Gold (79Au) has one stable isotope, 197Au, and 36 radioisotopes, with 195Au being the most stable with a half-life of 186 days. Gold is currently considered the heaviest monoisotopic element. Bismuth formerly held that distinction until alpha-decay of the 209Bi isotope was observed. All isotopes of gold are either radioactive or, in the case of 197Au, observationally stable, meaning that 197Au is predicted to be radioactive but no actual decay has been observed.

Naturally occurring platinum (78Pt) consists of five stable isotopes (192Pt, 194Pt, 195Pt, 196Pt, 198Pt) and one very long-lived (half-life 6.50×1011 years) radioisotope (190Pt). There are also 34 known synthetic radioisotopes, the longest-lived of which is 193Pt with a half-life of 50 years. All other isotopes have half-lives under a year, most under a day. All isotopes of platinium are either radioactive or observationally stable, meaning that they are predicted to be radioactive but no actual decay has been observed.

Naturally occurring rhenium (75Re) is 37.4% 185Re, which is stable (although it is predicted to decay), and 62.6% 187Re, which is unstable but has a very long half-life (4.12×1010 years). Among elements with a known stable isotope, only indium and tellurium similarly occur with a stable isotope in lower abundance than the long-lived radioactive isotope.

Natural hafnium (72Hf) consists of five stable isotopes (176Hf, 177Hf, 178Hf, 179Hf, and 180Hf) and one very long-lived radioisotope, 174Hf, with a half-life of 2×1015 years. In addition, there are 30 other known radionuclides, the most stable of which is 182Hf with a half-life of 8.9×106 years. This extinct radionuclide is used in hafnium–tungsten dating to study the chronology of planetary differentiation.

Naturally occurring thulium (69Tm) is composed of one stable isotope, 169Tm. Thirty-four radioisotopes have been characterized, with the most stable being 171Tm with a half-life of 1.92 years, 170Tm with a half-life of 128.6 days, 168Tm with a half-life of 93.1 days, and 167Tm with a half-life of 9.25 days. All of the remaining radioactive isotopes have half-lives that are less than 64 hours, and the majority of these have half-lives that are less than 2 minutes. This element also has 26 meta states, with the most stable being 164mTm, 160mTm and 155mTm.

Natural holmium (67Ho) contains one stable isotope, 165Ho. The below table lists 36 isotopes spanning 140Ho through 175Ho as well as 33 nuclear isomers. Among the known synthetic radioactive isotopes; the most stable one is 163Ho, with a half-life of 4,570 years. All other radioisotopes have half-lives not greater than 1.117 days in their ground states, and most have half-lives under 3 hours.

Antimony (51Sb) occurs in two stable isotopes, 121Sb and 123Sb. There are 35 artificial radioactive isotopes, the longest-lived of which are 125Sb, with a half-life of 2.75856 years; 124Sb, with a half-life of 60.2 days; and 126Sb, with a half-life of 12.35 days. All other isotopes have half-lives less than 4 days, most less than an hour.

Bromine (35Br) has two stable isotopes, 79Br and 81Br, and 32 known radioisotopes, the most stable of which is 77Br, with a half-life of 57.036 hours.

Naturally occurring cobalt (27Co) is composed of a single stable isotope, 59Co. Twenty-eight radioisotopes have been characterized with the most stable being 60Co with a half-life of 5.2714 years, 57Co with a half-life of 271.8 days, 56Co with a half-life of 77.27 days, and 58Co with a half-life of 70.86 days. All of the remaining radioactive isotopes have half-lives that are less than 18 hours and the majority of these have half-lives that are less than 1 second. This element also has 11 meta states, all of which have half-lives less than 15 minutes.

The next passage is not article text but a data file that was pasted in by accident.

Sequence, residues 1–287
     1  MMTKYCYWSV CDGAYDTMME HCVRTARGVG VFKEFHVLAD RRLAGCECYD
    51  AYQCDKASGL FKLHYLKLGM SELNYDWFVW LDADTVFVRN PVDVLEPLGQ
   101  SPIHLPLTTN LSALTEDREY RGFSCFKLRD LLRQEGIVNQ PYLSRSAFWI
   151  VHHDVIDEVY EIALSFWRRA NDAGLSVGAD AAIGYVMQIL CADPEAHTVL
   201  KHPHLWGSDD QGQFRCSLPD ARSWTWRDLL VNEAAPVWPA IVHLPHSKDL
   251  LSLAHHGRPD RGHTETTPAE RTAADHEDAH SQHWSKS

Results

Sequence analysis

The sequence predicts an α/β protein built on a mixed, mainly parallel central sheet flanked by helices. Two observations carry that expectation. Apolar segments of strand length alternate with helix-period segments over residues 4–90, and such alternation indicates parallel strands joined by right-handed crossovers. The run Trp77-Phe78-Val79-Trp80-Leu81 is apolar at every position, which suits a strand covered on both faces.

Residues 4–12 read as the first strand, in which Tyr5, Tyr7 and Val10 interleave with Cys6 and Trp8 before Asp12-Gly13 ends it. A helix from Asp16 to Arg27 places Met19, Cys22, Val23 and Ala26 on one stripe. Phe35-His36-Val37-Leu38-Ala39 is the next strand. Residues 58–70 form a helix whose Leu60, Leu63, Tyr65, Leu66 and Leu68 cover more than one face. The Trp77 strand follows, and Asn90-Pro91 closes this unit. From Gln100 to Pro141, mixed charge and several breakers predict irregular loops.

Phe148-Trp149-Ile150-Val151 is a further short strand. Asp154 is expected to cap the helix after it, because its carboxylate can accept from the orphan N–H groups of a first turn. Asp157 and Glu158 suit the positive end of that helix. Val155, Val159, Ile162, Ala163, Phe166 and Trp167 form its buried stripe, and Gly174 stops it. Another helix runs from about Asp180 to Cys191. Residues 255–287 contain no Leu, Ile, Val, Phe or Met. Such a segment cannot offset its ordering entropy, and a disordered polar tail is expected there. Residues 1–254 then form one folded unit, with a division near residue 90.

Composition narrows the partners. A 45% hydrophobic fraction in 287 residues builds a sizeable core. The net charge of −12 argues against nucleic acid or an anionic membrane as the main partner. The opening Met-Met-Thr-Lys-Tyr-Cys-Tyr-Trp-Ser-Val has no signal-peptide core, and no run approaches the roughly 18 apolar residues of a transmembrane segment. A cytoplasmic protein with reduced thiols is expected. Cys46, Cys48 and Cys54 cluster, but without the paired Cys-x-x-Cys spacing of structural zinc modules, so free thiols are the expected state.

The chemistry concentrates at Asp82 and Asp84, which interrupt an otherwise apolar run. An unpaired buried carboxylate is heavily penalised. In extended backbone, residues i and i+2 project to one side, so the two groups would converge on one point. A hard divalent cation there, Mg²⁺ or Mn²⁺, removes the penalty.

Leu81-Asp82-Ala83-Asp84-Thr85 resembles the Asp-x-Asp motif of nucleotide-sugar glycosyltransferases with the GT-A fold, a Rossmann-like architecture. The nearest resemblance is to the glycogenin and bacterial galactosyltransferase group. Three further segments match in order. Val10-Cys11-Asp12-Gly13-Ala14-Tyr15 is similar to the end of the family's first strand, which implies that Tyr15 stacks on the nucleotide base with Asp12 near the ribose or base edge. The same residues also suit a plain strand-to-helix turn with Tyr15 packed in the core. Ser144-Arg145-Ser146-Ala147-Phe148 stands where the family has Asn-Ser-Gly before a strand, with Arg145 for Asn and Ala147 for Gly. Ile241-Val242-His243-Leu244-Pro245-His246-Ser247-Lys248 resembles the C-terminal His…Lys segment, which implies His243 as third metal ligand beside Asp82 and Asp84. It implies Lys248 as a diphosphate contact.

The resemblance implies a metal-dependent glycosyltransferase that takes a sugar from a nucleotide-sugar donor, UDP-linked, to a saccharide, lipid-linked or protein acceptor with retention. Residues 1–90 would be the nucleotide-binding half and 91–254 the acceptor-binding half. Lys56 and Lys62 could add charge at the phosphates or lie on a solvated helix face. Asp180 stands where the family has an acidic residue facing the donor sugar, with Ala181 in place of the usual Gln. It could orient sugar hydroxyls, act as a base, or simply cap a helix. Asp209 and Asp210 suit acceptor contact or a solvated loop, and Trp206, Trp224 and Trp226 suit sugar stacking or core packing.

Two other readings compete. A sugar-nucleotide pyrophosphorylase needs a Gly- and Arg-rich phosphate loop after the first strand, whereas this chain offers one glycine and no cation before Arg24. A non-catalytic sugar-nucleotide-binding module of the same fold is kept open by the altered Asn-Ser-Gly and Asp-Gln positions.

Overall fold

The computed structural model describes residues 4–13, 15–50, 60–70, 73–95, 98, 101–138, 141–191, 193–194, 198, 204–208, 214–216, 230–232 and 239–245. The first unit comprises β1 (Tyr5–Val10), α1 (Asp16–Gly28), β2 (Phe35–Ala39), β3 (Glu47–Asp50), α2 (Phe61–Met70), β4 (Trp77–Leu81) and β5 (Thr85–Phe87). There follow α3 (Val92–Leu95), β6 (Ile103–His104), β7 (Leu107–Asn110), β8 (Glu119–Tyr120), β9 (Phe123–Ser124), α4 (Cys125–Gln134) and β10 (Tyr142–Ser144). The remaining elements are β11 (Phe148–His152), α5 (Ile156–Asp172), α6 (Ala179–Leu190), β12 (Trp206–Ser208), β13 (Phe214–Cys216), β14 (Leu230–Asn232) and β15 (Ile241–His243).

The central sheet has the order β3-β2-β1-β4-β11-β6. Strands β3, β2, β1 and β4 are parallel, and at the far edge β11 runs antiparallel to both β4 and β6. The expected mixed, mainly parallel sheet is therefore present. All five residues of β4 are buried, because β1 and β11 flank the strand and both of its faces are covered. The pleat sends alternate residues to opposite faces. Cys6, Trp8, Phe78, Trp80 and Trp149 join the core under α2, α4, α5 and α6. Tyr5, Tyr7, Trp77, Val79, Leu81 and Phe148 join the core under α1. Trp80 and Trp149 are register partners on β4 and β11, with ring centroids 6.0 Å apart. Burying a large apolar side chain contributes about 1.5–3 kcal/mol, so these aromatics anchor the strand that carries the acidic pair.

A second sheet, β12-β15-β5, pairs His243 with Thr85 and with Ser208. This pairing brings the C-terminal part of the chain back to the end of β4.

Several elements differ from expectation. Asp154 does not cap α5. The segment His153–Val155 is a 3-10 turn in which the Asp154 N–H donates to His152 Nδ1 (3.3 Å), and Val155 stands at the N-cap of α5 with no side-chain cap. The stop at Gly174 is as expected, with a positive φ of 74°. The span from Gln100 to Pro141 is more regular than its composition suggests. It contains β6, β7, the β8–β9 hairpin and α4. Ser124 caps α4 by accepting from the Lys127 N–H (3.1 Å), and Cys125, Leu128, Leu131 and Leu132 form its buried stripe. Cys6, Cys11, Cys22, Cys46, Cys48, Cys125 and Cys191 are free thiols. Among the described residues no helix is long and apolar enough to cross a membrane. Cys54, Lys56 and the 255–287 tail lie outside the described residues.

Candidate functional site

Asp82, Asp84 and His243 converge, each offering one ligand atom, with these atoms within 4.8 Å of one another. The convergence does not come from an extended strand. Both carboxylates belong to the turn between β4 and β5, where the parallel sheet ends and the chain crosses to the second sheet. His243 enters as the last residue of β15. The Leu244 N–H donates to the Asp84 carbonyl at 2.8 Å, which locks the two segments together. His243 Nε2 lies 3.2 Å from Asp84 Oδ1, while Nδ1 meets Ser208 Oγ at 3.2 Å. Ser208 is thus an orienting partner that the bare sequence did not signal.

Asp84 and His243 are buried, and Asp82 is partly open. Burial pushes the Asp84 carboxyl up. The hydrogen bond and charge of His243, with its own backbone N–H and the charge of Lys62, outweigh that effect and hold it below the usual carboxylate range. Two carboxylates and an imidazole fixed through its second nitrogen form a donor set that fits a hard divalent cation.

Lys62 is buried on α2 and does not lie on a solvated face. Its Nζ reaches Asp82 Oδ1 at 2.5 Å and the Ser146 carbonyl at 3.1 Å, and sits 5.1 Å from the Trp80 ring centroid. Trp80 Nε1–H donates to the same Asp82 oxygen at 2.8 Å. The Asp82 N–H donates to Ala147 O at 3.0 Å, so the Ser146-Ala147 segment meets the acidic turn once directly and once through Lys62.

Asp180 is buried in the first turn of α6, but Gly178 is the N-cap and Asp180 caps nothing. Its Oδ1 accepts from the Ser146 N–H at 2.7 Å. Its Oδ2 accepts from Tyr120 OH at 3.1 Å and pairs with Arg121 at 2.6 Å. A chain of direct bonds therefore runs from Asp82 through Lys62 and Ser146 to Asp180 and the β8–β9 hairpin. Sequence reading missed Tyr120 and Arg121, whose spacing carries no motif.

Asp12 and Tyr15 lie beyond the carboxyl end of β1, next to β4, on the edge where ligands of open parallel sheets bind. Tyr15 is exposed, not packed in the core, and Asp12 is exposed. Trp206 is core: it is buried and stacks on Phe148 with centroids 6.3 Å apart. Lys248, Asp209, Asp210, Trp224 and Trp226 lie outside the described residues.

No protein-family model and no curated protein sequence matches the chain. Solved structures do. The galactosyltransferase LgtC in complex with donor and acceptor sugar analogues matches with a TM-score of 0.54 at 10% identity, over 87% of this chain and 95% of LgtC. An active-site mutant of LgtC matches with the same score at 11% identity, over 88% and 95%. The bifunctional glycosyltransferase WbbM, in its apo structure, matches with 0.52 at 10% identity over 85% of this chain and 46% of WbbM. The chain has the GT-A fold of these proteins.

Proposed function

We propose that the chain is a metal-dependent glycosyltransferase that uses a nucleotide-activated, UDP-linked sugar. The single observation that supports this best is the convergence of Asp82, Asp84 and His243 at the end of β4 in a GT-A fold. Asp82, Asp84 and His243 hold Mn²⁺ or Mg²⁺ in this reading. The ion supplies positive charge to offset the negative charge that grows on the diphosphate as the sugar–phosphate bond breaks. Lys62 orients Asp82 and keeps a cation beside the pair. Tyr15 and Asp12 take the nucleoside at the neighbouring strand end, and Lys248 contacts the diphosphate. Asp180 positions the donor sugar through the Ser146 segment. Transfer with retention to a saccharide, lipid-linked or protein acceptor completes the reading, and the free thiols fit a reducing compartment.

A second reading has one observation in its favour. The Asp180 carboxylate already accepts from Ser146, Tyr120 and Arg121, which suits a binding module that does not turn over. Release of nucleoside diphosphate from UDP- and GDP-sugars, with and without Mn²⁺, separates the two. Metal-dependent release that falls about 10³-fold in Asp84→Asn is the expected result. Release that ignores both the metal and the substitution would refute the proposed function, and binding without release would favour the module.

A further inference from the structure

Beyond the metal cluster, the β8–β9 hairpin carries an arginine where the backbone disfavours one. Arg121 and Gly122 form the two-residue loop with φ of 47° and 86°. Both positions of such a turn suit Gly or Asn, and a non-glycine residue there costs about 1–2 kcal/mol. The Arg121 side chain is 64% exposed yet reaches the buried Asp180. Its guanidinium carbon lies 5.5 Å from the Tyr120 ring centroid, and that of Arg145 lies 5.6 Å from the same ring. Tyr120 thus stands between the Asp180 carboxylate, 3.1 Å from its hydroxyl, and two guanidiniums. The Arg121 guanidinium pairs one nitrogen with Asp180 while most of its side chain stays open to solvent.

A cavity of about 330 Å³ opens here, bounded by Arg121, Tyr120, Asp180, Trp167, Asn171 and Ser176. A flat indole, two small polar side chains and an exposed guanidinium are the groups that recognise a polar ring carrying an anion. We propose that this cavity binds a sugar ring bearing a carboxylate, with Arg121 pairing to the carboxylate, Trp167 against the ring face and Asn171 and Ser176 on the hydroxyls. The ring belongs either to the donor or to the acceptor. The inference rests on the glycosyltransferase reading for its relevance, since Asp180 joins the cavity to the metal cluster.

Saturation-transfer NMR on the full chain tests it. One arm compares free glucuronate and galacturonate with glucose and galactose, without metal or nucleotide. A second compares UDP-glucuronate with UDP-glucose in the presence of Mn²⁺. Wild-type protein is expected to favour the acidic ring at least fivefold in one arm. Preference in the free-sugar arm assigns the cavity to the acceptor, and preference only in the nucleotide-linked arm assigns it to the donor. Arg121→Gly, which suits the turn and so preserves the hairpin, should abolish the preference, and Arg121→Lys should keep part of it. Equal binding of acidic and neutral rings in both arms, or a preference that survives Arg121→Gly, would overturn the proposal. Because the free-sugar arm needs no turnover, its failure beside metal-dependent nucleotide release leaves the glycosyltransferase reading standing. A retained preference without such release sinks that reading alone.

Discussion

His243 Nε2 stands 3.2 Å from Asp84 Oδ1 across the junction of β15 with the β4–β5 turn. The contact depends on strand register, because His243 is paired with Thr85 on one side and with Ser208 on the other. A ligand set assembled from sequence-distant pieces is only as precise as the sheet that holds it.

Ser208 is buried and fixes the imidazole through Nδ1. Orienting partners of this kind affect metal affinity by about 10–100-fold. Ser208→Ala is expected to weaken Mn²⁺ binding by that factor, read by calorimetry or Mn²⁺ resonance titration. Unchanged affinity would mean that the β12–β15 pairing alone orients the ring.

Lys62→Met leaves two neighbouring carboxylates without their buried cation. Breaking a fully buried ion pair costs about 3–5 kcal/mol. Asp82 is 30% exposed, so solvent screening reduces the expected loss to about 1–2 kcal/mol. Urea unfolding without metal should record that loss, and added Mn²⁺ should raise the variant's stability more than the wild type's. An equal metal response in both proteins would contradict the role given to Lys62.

Naturally occurring chromium (24Cr) is composed of four stable isotopes; 50Cr, 52Cr, 53Cr, and 54Cr with 52Cr being the most abundant (83.789% natural abundance). 50Cr is suspected of decaying by β+β+ to 50Ti with a half-life of (more than) 1.8×1017 years. Twenty-two radioisotopes, all of which are entirely synthetic, have been characterized with the most stable being 51Cr with a half-life of 27.7 days. All of the remaining radioactive isotopes have half-lives that are less than 24 hours and the majority of these have half-lives that are less than 1 minute, the least stable being 66Cr with a half-life of 10 milliseconds. This element also has 2 meta states, 45mCr, the more stable one, and 59mCr, the least stable isotope or isomer.

Naturally occurring scandium (21Sc) is composed of one stable isotope, 45Sc. Twenty-five radioisotopes have been characterized, with the most stable being 46Sc with a half-life of 83.8 days, 47Sc with a half-life of 3.35 days, and 48Sc with a half-life of 43.7 hours and 44Sc with a half-life of 3.97 hours. All the remaining isotopes have half-lives that are less than four hours, and the majority of these have half-lives that are less than two minutes, the least stable being proton unbound 39Sc with a half-life shorter than 300 nanoseconds. This element also has 13 meta states with the most stable being 44m2Sc.

Natural nitrogen (7N) consists of two stable isotopes: the vast majority (99.6%) of naturally occurring nitrogen is nitrogen-14, with the remainder being nitrogen-15. Fourteen radioisotopes are also known, with atomic masses ranging from 10 to 25, along with one nuclear isomer, 11mN. All of these radioisotopes are short-lived, the longest-lived being nitrogen-13 with a half-life of 9.965(4) min. All of the others have half-lives below 7.15 seconds, with most of these being below 620 milliseconds. Most of the isotopes with atomic mass numbers below 14 decay to isotopes of carbon, while most of the isotopes with masses above 15 decay to isotopes of oxygen. The shortest-lived known isotope is nitrogen-10, with a half-life of 143(36) yoctoseconds.

Standard atomic weight Relative atomic mass as defined by IUPAC (CIAAW)

The standard atomic weight of a chemical element is the weighted arithmetic mean of the relative isotopic masses of all isotopes of that element weighted by each isotope's abundance on Earth. For example, isotope 63Cu constitutes 69% of the copper on Earth, the rest being 65Cu, so

Mass (mass spectrometry) Physical quantities being measured

The mass recorded by a mass spectrometer can refer to different physical quantities depending on the characteristics of the instrument and the manner in which the mass spectrum is displayed.

The Inorganic Chemistry Division of the International Union of Pure and Applied Chemistry (IUPAC), also known as Division II, deals with all aspects of inorganic chemistry, including materials and bioinorganic chemistry, and also with isotopes, atomic weights and the periodic table. It furthermore advises the Chemical Nomenclature and Structure Representation Division on issues dealing with inorganic compounds and materials. For the general public, the most visible result of the division's work is that it evaluates and advises the IUPAC on names and symbols proposed for new elements that have been approved for addition to the periodic table. For the scientific end educational community the work on isotopic abundances and atomic weights is of fundamental importance as these numbers are continuously checked and updated.

References